Monday, June 13, 2011
How Many Homes Have You Lived In?
To answer the question for myself, I rely on the memory of my mother, because the first three places I lived I don’t remember – two rental homes in New Orleans and one in Florida. I can remember the duplex we lived in until I was four, almost five, when my parents bought the home I consider the one I grew up in.
Then there were the three places I lived in college (dorm, fraternity house, apartment); my first apartment on my own in Texas, quickly followed by our first apartment as newlyweds; two apartments and a townhome in Houston; and then an apartment and two homes in St. Louis.
That made 16 places. I thought I had it figured out. Then I remembered the hotel room I lived in for six weeks when I first came to Houston and my wife was still in Houston; does that count? So I thought, OK, that was longer than just a few days, so maybe that would make 17.
Oh, yeah, there was also the summer we were homeless. I’d forgotten about that.
In 1986, we were building what is now our current home. We had never built a home before. Based on that experience, it will take a lot for me to even consider building a home again (a sentiment my wife thinks is slightly ridiculous but I could tell you some stories).
We had finally sold our existing home. The problem was that we had to move out in early June, and the new house wouldn’t be ready until late August. We talked to friends, and friends of friends, and people at church, and put the word out that we could house sit. We landed two house-sitting places and with some judicious timing of vacations at our parents’ homes in Louisiana, a friend’s basement for storing my books, the moving company’s warehouse for our furniture and household effects and a storage locker for things like lawn mowers, we did it. In retrospect, we had to be nuts.
We spent our first night out of our old house at our pastor’s house. What I remember most was driving there in a pouring rain. Then we spent three weeks at a home in a rather upscale part of St. Louis called Ladue (known as “Lah-Due” locally) while the owners chaperoned a bunch of high school kids on a trip to Europe. They also had a dog, two cats, a bird and six beehives. The dog was sweet but spacey, and loved to slip out the door to visit the beehives. The bees were not sweet and very focused/protective. One Saturday my wife looked out the back door to see me and our then-six-year-old looking like we were beating the dog, who was writhing on the ground. I suppose we were – but we were trying to kills the bees that had swarmed after him after he disturbed one of the hives.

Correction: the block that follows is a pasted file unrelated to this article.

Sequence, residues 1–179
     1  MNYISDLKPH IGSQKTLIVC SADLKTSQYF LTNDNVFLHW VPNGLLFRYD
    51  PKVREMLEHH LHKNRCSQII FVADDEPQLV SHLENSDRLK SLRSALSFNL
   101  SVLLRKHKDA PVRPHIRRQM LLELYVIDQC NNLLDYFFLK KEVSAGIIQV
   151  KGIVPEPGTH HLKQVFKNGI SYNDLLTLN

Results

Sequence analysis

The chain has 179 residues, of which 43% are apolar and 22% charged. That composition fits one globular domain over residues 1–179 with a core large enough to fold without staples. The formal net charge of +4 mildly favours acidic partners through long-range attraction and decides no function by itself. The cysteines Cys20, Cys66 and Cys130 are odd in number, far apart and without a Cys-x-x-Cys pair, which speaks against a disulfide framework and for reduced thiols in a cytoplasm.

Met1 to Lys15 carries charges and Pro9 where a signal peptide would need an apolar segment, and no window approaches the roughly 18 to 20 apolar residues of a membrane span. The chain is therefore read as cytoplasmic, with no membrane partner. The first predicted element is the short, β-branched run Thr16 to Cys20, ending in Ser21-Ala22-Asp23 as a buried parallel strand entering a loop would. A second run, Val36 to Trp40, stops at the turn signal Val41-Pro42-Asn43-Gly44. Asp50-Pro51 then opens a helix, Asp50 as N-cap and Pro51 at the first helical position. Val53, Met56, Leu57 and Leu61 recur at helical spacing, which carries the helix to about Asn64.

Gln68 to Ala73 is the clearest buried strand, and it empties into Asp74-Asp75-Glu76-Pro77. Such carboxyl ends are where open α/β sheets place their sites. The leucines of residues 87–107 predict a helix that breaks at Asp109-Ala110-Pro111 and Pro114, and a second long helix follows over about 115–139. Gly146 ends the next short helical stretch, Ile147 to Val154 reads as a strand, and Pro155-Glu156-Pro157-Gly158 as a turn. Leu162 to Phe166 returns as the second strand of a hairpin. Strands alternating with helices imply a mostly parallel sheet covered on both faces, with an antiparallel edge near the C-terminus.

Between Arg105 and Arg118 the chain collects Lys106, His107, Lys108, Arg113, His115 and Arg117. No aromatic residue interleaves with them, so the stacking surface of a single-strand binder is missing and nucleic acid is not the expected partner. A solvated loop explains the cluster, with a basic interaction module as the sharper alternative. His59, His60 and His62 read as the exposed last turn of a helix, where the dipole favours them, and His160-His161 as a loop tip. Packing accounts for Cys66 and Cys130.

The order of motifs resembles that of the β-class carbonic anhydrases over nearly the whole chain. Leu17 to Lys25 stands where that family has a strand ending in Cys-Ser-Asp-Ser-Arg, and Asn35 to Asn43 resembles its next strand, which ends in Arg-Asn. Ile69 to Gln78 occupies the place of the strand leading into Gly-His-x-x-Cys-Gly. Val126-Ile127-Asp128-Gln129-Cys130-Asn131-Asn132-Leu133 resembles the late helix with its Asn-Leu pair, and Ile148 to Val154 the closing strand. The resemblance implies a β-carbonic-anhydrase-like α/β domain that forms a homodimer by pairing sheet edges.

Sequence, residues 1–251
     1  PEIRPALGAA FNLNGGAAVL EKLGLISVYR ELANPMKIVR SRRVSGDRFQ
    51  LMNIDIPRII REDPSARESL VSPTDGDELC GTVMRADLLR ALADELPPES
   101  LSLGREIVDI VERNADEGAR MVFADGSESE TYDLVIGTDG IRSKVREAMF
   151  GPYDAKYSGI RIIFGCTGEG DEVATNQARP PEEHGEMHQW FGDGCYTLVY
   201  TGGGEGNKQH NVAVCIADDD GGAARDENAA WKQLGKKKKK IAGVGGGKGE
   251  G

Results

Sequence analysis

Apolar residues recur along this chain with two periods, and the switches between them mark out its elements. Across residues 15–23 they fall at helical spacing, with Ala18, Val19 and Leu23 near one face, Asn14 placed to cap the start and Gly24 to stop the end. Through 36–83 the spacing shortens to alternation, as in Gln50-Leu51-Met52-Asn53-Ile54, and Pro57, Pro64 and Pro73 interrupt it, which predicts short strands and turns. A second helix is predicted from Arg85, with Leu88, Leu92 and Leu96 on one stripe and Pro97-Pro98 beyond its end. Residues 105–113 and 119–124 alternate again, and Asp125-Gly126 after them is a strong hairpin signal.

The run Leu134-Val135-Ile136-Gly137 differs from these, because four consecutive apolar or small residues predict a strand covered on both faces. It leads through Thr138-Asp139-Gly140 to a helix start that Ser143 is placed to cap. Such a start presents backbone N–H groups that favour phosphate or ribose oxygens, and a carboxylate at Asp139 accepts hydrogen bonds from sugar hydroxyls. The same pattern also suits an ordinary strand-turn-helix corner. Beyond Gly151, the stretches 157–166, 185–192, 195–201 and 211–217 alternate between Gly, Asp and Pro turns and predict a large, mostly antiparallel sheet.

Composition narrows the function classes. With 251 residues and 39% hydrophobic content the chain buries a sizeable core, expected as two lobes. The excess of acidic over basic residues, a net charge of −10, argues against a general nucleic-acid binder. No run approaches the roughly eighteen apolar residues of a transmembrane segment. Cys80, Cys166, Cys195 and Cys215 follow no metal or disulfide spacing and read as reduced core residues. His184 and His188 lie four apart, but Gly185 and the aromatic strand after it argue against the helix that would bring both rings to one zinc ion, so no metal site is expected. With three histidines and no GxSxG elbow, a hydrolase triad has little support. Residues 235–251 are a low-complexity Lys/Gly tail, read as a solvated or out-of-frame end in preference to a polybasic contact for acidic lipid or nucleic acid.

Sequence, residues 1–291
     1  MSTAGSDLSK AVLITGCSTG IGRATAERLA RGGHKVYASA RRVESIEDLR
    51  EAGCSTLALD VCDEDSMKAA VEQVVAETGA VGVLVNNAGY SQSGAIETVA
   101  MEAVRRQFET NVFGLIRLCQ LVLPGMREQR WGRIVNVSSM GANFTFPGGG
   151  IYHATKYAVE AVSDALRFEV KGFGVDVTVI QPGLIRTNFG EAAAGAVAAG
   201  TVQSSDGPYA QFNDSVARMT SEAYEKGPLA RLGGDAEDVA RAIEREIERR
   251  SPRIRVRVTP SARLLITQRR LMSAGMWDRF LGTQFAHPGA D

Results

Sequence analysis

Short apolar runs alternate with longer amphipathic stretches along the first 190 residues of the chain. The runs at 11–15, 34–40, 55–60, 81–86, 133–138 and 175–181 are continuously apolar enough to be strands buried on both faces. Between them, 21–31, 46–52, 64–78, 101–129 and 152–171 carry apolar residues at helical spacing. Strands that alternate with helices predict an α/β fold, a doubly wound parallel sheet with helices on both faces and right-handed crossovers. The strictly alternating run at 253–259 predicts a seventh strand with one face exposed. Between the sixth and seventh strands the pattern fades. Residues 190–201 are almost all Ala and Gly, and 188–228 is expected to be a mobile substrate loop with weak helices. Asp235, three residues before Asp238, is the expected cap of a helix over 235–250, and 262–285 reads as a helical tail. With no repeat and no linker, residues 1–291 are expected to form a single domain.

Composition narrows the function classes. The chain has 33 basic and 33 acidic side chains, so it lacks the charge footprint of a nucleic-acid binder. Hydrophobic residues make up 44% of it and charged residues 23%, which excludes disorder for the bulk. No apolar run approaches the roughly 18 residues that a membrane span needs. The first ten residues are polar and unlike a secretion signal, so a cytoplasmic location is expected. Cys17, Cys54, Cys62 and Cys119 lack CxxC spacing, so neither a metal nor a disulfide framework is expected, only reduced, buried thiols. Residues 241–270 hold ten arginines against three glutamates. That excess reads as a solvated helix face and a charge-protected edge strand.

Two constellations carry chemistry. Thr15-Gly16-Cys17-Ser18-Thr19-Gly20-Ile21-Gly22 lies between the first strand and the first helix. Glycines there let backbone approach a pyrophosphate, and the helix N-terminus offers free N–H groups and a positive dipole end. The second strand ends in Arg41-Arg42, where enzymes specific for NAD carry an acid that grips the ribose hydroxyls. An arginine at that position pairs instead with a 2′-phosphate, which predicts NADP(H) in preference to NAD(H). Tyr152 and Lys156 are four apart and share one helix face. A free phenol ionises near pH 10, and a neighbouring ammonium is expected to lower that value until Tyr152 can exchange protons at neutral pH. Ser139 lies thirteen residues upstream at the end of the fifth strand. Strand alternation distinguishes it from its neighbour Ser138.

A vacation to Louisiana, and then we were back to a new house-sitting place, a small home in another upscale section of St. Louis called Clayton. The owner was spending a month in Japan and China. We had no pets to worry about this time, the owner also didn’t stop her mail, so that I was able to read her New York Times Sunday Book Review for several Sundays in a row on her front porch swing.
Finally, we were approaching the time for our house to be finished. We closed on a Monday. The Friday before, I happened to mention this to the builder supervising the construction. His eyes grew large. He checked the contract. “Can you put it moving in off for a few days?” he asked. “Only if you pay to put us up somewhere, or have a couple of spare bedrooms yourself,” I said. Yes, the builder was behind schedule. The movers were coming on Tuesday to deliver our furniture, and a furniture company would be delivering a new sideboard for the dining room. The builder panicked and started shouting orders at the workmen.
We did close on the house that Monday. And we did move in on Tuesday. We had no driveway, no front porch, no back patio, a yard of good Missouri clay, and several dozens of other uncompleted things, but we did move in. We were home.
To see more posts on “home,” please visit the One Word Blog Carnival hosted by Peter Pollock.
Top photograph: “Home” in New Orleans. Bottom photograph: “Home” in St. Louis.